Pompeo: Netanyahu courting extremist party is not America’s concern

Asked about PM’s push to get Kahane-inspired Otzma Yehudit into Knesset, US secretary says he won’t ‘interfere in an election of a democracy’

US Secretary of State Mike Pompeo meets with UN Secretary-General Antonio Guterres (out of frame) at the United Nations headquarters in New York, on February 21, 2019. (Angela Weiss/AFP)
US Secretary of State Mike Pompeo meets with UN Secretary-General Antonio Guterres (out of frame) at the United Nations headquarters in New York, on February 21, 2019. (Angela Weiss/AFP)

US Secretary of State Mike Pompeo demurred Sunday when asked about Prime Minister Benjamin Netanyahu’s brokering of a political alliance that includes a Jewish extremist party, saying it was an Israeli electoral matter that the United States would not get involved in.

Netanyahu’s push to merge Otzma Yehudit (Jewish Power) with the national-religious Jewish Home party ahead of April’s Knesset elections has drawn widespread rebuke from Israeli opposition figures and US Jewish groups. Otzma Yehudit includes disciples of the American-born Rabbi Meir Kahane, whose Jewish supremacist Kach party was banned under Israeli law for incitement to racism and later declared a terrorist group.

“We’re not about to… interfere in an election of a democracy. Election campaigns are tough. We’ll allow the Israeli people to sort this out,” Pompeo told CNN’s Jake Tapper.

“I’m confident that when the election is over, the United States will continue to have a strong, important, very, very deep relationship with Israel that protects the American people and benefits Israel as well,” he added.

Netanyahu argues that it was necessary to fold Otzma Yehudit into Jewish Home to prevent right-wing votes from being “wasted” if the two parties ran alone and failed to clear the 3.25 percent threshold for Knesset representation in the April 9 general elections, a scenario that would likely make it more difficult for him to form another ruling coalition.

Jewish Home, National Union and Otzma Yehudit parties file their joint party slate ‘Union of Right-Wing Parties’ with the Central Elections Committee, February 21, 2019. (Raoul Wootliff/Times of Israel)

The merger has been condemned by a number of prominent Jewish journalists in the US, as well as two leading Jewish organizations.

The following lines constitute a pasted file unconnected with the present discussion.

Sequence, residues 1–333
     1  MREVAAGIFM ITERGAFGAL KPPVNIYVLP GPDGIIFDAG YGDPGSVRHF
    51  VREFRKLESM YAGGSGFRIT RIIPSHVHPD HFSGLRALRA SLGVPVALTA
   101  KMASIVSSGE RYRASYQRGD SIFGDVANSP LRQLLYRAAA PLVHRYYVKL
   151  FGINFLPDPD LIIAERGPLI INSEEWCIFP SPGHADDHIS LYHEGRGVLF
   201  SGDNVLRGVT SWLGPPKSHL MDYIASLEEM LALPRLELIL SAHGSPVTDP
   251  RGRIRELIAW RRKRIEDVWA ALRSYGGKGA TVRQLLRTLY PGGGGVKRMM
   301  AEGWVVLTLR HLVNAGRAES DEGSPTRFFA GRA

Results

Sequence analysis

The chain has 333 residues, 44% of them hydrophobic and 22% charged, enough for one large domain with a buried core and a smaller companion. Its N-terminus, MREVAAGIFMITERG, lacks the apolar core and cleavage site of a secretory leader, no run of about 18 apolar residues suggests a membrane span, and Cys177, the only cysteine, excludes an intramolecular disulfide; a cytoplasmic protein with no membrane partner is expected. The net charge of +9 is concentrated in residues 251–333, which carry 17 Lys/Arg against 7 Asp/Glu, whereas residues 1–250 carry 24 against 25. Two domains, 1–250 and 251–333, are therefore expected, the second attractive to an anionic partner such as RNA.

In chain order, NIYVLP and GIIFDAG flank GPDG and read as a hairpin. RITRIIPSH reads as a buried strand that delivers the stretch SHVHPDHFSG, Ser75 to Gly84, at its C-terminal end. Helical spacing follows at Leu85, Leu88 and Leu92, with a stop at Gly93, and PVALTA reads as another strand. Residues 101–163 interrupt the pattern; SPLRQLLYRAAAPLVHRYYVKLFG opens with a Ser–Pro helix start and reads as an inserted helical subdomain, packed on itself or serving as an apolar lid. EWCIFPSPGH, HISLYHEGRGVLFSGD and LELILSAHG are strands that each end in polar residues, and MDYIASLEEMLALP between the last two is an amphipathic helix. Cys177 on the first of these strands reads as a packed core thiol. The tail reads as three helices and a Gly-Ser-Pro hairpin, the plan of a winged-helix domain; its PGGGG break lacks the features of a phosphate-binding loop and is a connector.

In a statement late Thursday, the American Jewish Committee said it felt “compelled to speak out” and that the “views of Otzma Yehudit are reprehensible. They do not reflect the core values that are the very foundation of the State of Israel.”

On Friday, the American Israel Public Affairs Committee (AIPAC), the powerful pro-Israel lobby, retweeted the AJC statement and declared it would not meet with members of Otzma Yehudit. It was not immediately clear if that policy would also be extended to the Jewish Home party.

“We agree with AJC. AIPAC has a longstanding policy not to meet with members of this racist and reprehensible party,” it said, but did not mention by name the Jewish Home party or Netanyahu, who was instrumental in pushing the two parties to unite.

Despite the AIPAC statement, the group confirmed that Netanyahu is still set to address the group’s annual policy conference next month.

Michael Ben Ari (left) speaks during a ceremony honoring the late Jewish extremist leader Rabbi Meir Kahane in a Jerusalem hall, October 26 2010. At right is Baruch Marzel (Yossi Zamir / Flash 90)

On Saturday, prominent Israeli Modern Orthodox rabbi Binyamin Lau compared voting for the party to voting for Nazis.

Netanyahu hit back at the critics Saturday night.

“What hypocrisy and double standards by the left,” he wrote on Facebook, in a post that did not name AIPAC. “They’re condemning [the formation of] a right-wing majority bloc with right-wing parties, while the left acted to bring extreme Islamists into the Knesset to create a majority bloc.”

Otzma Yehudit is the spiritual godchild of Kahane’s Kach party, which was banned from the Knesset under a Basic Law outlawing incitement to violence and later exiled entirely in Israel. Kahane was the American immigrant founder of the militant Jewish Defense League, who before his assassination in 1990 promoted the immediate annexation of disputed territories and the expulsion of Arabs from the West Bank.

Prime Minister Benjamin Netanyahu gives a televised statement after a meeting of his ruling Likud party in Ramat Gan on February 21, 2019. (Menahem Kahana/AFP)

Otzma Yehudit includes a number of self-declared Kahanists, among them Michael Ben Ari, who was denied a US visa in 2012 over his ties to Kach; Baruch Marzel, who served as Kahane’s secretary in the Knesset; Bentzi Gopstein, a former student of the extremist rabbi and anti-miscegenation activist who is facing charges of incitement to violence, racism and terrorism; and Itamar Ben Gvir, who as a teen was active in Kach and is now largely known for representing Jewish terror suspects.

Gopstein is an ex-Kahane student and Kach activist whose Lehava movement works to prevent relationships — romantic and otherwise — between Jews and Arabs.

Under the Otzma Yehudit platform, Israel’s sovereign borders would extend from the Mediterranean Sea to the Jordan River, and “enemies of Israel” within those expanded borders would be resettled elsewhere in the Arab world.

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